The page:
No remand – Other
United States v. Sloan, 411 F3d. 643 (6th Cir. 6/3/05) (no remand where defendant did not raise Booker issue, defendant had already served custodial sentence (and length of supervised release is already discretionary), and no "indication from the defendant that he seeks such relief"); United States v. (Orlando) Jackson, No. 04-3015 (6th Cir. 8/2/05) (unpublished) (finding Booker issue to be moot where defendant had already been released from BOP custody).
No Remand - Waiver of Appeal in Plea Agreement
United States v. Luebbert, 411 F3d. 602 (6th Cir. 6/1/05) (finding that provision of defendant's plea agreement "waiv[ing] the right to appeal his sentence on any ground ... other than any sentence imposed in excess of the statutory maximum" referred to upper limit of statute charged in the indictment, and not upper limit of applicable Guidelines range, and, therefore, applied to Sixth Amendment Booker claim as well); United States v. Ginn, No. 04-5321 (6th Cir. 6/9/05), 2005 WL 1389575 (unpublished) (no Booker review due to appeals waiver in plea agreement); United States v. Clark, No. 04-5896 (6th Cir. 6/10/05), 2005 WL 1385462 (unpublished) (approving withdrawal of Booker claim where plea agreement contained waiver of all appeal rights except for reserved suppression issue); United States v. Hicks, No. 03-2393 (6th Cir. 6/14/05), 2005 WL 1400203 (unpublished) (no Booker review where plea agreement contained provision that, if defendant was sentenced within the Guidelines range or less, he waived any right to appeal the conviction or sentence, despite district court’s comments that he wanted to give defendant a shorter sentence, but couldn’t do so under the Guidelines; the change of law in Booker is insufficient to undermine the validity of Hick’s plea agreement); United States v. Burgess, No. 03-4234 (6th Cir. 6/22/05), 2005 WL 1515327 (unpublished) (no Booker review due to appeals waiver in plea agreement; no ineffective assistance of counsel based on counsel’s failure to predict the decisions in Blakely and Booker).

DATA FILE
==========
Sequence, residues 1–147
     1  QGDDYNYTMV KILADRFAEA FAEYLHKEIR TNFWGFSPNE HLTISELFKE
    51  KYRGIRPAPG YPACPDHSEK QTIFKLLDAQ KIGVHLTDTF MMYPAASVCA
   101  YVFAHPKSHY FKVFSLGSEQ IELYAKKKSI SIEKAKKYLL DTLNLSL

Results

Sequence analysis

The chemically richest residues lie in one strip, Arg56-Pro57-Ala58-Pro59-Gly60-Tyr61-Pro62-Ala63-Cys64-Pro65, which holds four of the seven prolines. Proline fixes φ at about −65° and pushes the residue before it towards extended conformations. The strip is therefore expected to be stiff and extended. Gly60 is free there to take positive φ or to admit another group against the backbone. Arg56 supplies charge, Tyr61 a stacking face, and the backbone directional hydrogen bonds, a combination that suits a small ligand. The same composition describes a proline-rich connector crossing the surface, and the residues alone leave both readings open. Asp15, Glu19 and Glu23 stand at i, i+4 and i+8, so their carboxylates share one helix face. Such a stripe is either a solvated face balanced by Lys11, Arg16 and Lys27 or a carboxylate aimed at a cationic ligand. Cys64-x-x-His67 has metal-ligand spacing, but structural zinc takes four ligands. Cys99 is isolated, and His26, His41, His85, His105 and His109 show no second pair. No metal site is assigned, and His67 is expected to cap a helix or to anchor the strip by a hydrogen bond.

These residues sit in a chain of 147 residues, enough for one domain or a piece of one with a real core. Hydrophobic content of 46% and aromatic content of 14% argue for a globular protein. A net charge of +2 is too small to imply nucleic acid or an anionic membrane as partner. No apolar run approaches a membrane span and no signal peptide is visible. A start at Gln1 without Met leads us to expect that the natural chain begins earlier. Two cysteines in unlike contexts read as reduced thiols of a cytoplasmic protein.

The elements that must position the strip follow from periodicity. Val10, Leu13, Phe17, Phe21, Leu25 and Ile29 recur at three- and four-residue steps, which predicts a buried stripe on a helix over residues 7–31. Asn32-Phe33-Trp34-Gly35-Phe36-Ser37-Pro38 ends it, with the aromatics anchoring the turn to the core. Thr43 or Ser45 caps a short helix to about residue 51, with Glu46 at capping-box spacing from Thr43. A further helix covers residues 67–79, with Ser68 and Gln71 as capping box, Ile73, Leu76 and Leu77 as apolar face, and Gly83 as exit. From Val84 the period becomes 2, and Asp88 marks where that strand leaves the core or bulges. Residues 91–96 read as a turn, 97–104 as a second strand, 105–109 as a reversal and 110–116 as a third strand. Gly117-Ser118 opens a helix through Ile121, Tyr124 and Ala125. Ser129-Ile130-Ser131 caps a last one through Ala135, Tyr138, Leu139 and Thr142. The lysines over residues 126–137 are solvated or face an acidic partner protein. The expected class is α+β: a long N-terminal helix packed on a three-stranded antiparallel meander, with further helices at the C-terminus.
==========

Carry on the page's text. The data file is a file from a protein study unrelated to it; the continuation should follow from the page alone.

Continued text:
Remand - Scope of
United States v. Williams, 411 F3d. 675 .(6th Cir. 2005) (defendant objected to the particular Guideline used in this child pornography case, and sought remand under Booker; resolution of the case required deciding which version of the Guidelines should be used on remand; Held: Booker complicates this inquiry because, while the Supreme Court excised § 3742(e) in its remedy in Booker, it left intact § 3742(f) and (g); the former provides that the court of appeals must remand a case for further sentencing proceedings where it finds that a sentence was imposed as a result of an incorrect application of the Guidelines; the latter provides that a district court to which a case is remanded shall re-sentence in accordance with 3553 except that it shall apply the guidelines that were in effect on the date of the original sentencing; we believe that the most appropriate post-Booker understanding of these sections is to require the district court, upon remand, to consult the same Guidelines under which the district court originally sentenced the defendant; the range that results from that consultation is an advisory range).
Sentencing -- Post-Booker -- "Reasonableness"